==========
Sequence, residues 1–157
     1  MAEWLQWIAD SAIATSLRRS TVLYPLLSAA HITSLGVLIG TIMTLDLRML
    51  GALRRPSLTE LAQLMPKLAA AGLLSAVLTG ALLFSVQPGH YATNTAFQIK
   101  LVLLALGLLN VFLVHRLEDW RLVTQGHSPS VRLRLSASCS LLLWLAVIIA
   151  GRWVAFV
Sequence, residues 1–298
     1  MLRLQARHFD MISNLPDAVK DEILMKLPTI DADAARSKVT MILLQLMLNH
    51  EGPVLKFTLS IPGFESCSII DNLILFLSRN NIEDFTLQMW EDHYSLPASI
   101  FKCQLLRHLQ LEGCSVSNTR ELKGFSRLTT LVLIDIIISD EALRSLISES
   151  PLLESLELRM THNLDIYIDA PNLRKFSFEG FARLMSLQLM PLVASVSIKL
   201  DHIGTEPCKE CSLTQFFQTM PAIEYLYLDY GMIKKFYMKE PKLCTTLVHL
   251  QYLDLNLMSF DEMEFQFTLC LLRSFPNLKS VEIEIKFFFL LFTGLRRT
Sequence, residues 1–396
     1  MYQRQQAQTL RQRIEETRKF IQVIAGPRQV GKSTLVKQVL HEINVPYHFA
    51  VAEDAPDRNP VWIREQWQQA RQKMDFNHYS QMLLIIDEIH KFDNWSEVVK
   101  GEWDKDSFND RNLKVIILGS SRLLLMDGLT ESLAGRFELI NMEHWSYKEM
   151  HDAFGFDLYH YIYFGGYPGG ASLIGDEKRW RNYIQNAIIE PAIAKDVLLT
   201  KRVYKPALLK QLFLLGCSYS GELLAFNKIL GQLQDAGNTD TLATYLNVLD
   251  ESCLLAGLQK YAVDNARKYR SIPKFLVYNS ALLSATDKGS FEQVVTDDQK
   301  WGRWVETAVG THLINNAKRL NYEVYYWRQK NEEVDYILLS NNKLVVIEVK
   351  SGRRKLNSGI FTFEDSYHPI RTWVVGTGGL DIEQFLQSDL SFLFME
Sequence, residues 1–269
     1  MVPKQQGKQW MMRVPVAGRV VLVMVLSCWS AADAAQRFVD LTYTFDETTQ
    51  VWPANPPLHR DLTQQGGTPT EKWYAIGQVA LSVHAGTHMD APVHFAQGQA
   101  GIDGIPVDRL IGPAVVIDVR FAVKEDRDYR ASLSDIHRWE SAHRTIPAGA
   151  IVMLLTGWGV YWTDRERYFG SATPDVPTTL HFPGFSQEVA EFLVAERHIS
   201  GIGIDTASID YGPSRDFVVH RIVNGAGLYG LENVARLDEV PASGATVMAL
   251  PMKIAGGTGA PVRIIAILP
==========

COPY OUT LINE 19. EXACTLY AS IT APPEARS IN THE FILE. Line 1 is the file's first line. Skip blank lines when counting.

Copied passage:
   251  ESCLLAGLQK YAVDNARKYR SIPKFLVYNS ALLSATDKGS FEQVVTDDQK